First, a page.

Internationales Zentrum für Ethik in den Wissenschaften (IZEW)

Outrage about art attacks

But what about global warming?

by Vanessa Weihgold[1]

Over the last months, there have been news reports on young climate activists attacking well known art works like the Mona-Lisa or Van Gogh’s Sunflowers all over Europe. (Aublanc, 2022; Dellatto, 2022; Skinner, 2022; York, 2022) At first glance, this might seem bizarre: Why attack art? Looking into the motives the activists present on their homepage helps shed a different light on the action than media coverage has focussed on.

It goes without saying that artworks are an important means of expression and criticism which makes them valuable for humanity. And the activists do not question this. For what is more, they want to attract attention to the fact that climate change might lead to a world without human creativity simply because human life on Earth might be impossible.

In education for sustainable development, it is generally acknowledged that the Rio Conference in 1992 was the moment in history when the problems of climate change were made conscious by most of the political leaders. But already in 1979, Hans Jonas alerted on human responsibility in the widening possibilities of technological progress. (Jonas, 1984) His argument was that these technologies impacted not only present generations but also future ones and that, as a result, we carry responsibility for both of them. Based on this argument, he reformulated Kant’s moral imperative for including the new bearers of responsibility: “Act so that the effects of your actions are compatible with the permanence of genuine human life on Earth.” (Jonas, 1984, S. 36) Genuine human life does include creative productions such as artworks.

Artworks that are exposed in museums are very well protected and the activists’ attacks were not carried out in ways to really destroy the paintings. Art, as a human cultural practice, is precious and worshiped. That is why humanity exhibits it in museums and puts a lot of effort (and money) in their preservation. The activists are conscious that they did attack something sacred to humanity and argue that at the end attracting people’s attention to the threat of climate change justifies the means. Their line of reasoning is the following: If the idea of losing something precious and priceless like a Van Gogh is freaking you out, why don’t you freak out over losing the Earth? Even though, I, personally do not agree with the means, I think that this is an important question to ask.

Researchers in the humanities have drawn attention to the problems of this hierarchy between nature and culture for a long time. As an example, Max Scheler criticized the making dead (Vertotung) of nature that has become a natural worldview as early as 1923. (Scheler, 1948, S. 91–93) As a result of this process, he notices an (emotional) distance that was created. To put it more bluntly, we seem to be (emotionally) more attached to our artworks than we are to our natural environment.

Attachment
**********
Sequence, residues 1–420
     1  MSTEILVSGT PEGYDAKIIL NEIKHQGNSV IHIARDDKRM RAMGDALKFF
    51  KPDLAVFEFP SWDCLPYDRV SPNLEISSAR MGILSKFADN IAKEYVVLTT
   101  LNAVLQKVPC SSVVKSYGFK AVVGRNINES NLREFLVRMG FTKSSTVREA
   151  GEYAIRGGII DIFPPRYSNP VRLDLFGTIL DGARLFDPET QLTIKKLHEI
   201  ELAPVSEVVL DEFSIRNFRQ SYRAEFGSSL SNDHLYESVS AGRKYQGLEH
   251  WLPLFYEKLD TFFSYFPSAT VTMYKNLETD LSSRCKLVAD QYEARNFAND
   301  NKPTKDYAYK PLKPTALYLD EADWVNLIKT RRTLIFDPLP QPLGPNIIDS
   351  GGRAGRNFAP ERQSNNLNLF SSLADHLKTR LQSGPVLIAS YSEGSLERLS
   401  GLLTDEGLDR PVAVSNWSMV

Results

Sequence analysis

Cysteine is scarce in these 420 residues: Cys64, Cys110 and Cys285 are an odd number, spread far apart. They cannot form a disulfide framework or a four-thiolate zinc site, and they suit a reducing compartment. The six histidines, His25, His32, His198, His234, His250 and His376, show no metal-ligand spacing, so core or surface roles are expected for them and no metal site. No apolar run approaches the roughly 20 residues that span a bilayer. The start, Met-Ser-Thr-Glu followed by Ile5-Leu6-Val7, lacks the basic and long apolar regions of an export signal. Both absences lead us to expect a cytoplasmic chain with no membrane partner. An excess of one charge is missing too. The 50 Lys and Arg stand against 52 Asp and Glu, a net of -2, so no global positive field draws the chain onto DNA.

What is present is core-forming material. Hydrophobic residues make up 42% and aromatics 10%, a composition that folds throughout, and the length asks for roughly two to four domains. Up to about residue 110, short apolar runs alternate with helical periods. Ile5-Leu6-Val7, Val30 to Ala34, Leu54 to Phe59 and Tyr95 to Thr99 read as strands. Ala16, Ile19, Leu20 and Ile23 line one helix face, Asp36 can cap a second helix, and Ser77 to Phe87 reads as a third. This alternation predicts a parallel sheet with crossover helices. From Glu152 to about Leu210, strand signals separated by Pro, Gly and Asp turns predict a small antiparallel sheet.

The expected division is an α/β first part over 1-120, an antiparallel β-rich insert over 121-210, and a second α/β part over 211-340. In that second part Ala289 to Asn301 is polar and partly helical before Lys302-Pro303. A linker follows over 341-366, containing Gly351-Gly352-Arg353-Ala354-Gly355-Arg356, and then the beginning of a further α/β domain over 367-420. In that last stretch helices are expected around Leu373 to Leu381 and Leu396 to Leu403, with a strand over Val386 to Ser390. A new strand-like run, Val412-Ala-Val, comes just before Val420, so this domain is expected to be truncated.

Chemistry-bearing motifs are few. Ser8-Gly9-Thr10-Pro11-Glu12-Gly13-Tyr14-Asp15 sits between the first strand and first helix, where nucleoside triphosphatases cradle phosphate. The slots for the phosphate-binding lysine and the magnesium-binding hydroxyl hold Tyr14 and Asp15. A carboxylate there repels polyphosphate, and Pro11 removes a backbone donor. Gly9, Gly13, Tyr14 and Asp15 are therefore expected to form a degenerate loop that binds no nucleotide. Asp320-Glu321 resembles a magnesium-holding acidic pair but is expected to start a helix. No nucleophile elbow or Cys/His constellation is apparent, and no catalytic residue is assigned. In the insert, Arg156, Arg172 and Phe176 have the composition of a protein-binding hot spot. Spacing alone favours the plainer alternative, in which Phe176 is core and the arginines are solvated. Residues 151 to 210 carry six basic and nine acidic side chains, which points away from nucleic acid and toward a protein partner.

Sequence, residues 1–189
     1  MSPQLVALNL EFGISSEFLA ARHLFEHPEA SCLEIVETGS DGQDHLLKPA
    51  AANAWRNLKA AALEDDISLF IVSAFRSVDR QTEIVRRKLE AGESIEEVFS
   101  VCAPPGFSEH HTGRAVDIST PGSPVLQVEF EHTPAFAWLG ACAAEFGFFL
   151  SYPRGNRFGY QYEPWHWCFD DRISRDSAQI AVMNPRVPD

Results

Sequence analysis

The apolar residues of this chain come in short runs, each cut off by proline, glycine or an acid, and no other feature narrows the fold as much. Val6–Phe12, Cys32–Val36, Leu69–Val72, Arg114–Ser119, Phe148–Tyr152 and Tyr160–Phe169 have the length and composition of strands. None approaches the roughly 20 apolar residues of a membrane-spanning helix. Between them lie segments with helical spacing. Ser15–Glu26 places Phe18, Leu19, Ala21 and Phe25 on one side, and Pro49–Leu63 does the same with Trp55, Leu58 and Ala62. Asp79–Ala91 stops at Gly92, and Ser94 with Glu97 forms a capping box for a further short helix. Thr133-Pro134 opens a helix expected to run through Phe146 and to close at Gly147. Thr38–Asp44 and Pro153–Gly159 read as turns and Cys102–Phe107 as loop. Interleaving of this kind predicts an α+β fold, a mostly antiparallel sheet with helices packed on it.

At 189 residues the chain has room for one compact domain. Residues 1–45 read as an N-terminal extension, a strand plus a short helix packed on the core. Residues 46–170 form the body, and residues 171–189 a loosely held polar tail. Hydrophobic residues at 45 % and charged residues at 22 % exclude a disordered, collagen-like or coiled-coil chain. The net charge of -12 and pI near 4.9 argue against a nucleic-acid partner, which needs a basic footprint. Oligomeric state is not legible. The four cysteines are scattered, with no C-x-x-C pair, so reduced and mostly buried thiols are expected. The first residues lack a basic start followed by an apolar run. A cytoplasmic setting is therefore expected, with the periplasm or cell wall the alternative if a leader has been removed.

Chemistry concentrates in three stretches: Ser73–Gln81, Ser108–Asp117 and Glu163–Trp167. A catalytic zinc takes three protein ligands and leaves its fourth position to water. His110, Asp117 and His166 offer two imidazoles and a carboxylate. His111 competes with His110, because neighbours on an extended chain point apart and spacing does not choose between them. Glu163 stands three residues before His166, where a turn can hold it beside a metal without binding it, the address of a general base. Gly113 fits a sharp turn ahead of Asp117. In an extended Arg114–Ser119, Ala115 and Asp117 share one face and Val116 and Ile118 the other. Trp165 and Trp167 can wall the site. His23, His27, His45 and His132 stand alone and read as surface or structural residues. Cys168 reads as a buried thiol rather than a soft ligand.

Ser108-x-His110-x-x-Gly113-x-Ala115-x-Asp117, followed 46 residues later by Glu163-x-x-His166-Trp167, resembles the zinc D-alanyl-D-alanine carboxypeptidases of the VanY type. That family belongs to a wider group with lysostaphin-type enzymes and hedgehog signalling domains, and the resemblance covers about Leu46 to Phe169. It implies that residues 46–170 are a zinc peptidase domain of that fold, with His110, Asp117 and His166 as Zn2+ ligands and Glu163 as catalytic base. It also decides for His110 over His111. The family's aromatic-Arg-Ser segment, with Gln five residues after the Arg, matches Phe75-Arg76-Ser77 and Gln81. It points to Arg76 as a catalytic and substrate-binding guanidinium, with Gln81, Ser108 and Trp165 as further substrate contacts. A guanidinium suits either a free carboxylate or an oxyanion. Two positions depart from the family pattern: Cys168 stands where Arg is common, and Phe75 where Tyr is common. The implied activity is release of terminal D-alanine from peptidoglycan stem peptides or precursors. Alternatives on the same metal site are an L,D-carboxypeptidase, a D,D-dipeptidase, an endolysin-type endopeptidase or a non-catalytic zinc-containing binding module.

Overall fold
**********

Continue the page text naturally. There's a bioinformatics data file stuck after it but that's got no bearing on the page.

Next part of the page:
Under current politico-economic circumstances global warming will not be limited to 2°C. To live under these conditions will demand massive changes for the lives of today’s young generation. These changes will also have a great impact on the preservation of art and the creating of new artwork.

To prevent this raise in temperature, present generations must considerably change their habits and reduce their CO2-impact. At the moment, we are far from doing this. No government in the world has announced sufficient plans to reach the 1,5 °C goal from the Paris Climate Agreement, yet.

All of this considered, the climate activists who attacked the artworks evoke extremely provocative questions: What do we want to preserve? What catches our attention and what do we tend to ignore? Do we really preserve these artworks, or will our lifestyle destroy them in the future? Will there be human art in the future, if we don’t stop climate change? Due to the radicalism of their actions the message will most probably either go unheard or even be rejected. But does the form of presenting their questions devalue the questions itself?

In the case of climate change, we do not need to entrench the camps. Alienating the majority of society carries the great risk of delaying rather than accelerating sufficient measures for climate protection. We need them to start talking with one another. This means for the activists to stop endangering artworks and for society to face the grim questions climate change confronts us with. Maybe art could invite to reflect on the climate crisis and to open this forum?

Shortcut for download:


[1]     I am very thankful for valuable feedback from Marcel Vondermaßen who helped shape the argument of the article to its final version.

Aublanc, M. (2022). Climat: Attaquer des œuvres d’art, « c’est presque un appel au secours ». 20 minutes.

Dellatto, M. (2022). Pea Soup Thrown At Another Van Gogh Painting As Climate Activists Target Famous Art. Forbes.

Jonas, H. (1984). Das Prinzip Verantwortung—Versuch einer Ethik für die technologische Zivilisation (1. Aufl.). Suhrkamp.

Scheler, M. (1948). Wesen und Formen der Sympathie (5. Aufl.). G. Schulte-Blumke.

Skinner, A. (2022, Oktober 14). Van Gogh soup attack latest in at least a dozen since Mona Lisa smearing. Newsweek.

York, J. (2022, Oktober 28). Quand les militants écologistes s’attaquent à l’art: Des actions „de plus en plus désespérées“. France 24.